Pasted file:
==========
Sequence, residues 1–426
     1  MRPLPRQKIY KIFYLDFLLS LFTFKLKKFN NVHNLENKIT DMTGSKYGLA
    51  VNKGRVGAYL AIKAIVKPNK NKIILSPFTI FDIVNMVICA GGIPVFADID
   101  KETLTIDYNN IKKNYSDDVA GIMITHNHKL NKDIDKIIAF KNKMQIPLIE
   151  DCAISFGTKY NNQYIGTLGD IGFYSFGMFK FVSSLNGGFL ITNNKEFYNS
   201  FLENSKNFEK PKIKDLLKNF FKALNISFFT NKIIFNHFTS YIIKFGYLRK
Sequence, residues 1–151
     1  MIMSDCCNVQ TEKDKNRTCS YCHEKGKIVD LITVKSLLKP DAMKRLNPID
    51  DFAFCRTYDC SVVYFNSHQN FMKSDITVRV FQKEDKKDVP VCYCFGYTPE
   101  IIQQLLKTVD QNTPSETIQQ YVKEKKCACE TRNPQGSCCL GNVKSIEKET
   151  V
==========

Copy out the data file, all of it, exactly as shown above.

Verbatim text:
Sequence, residues 1–426
     1  MRPLPRQKIY KIFYLDFLLS LFTFKLKKFN NVHNLENKIT DMTGSKYGLA
    51  VNKGRVGAYL AIKAIVKPNK NKIILSPFTI FDIVNMVICA GGIPVFADID
   101  KETLTIDYNN IKKNYSDDVA GIMITHNHKL NKDIDKIIAF KNKMQIPLIE
   151  DCAISFGTKY NNQYIGTLGD IGFYSFGMFK FVSSLNGGFL ITNNKEFYNS
   201  FLENSKNFEK PKIKDLLKNF FKALNISFFT NKIIFNHFTS YIIKFGYLRK
Sequence, residues 1–151
     1  MIMSDCCNVQ TEKDKNRTCS YCHEKGKIVD LITVKSLLKP DAMKRLNPID
    51  DFAFCRTYDC SVVYFNSHQN FMKSDITVRV FQKEDKKDVP VCYCFGYTPE
   101  IIQQLLKTVD QNTPSETIQQ YVKEKKCACE TRNPQGSCCL GNVKSIEKET
   151  V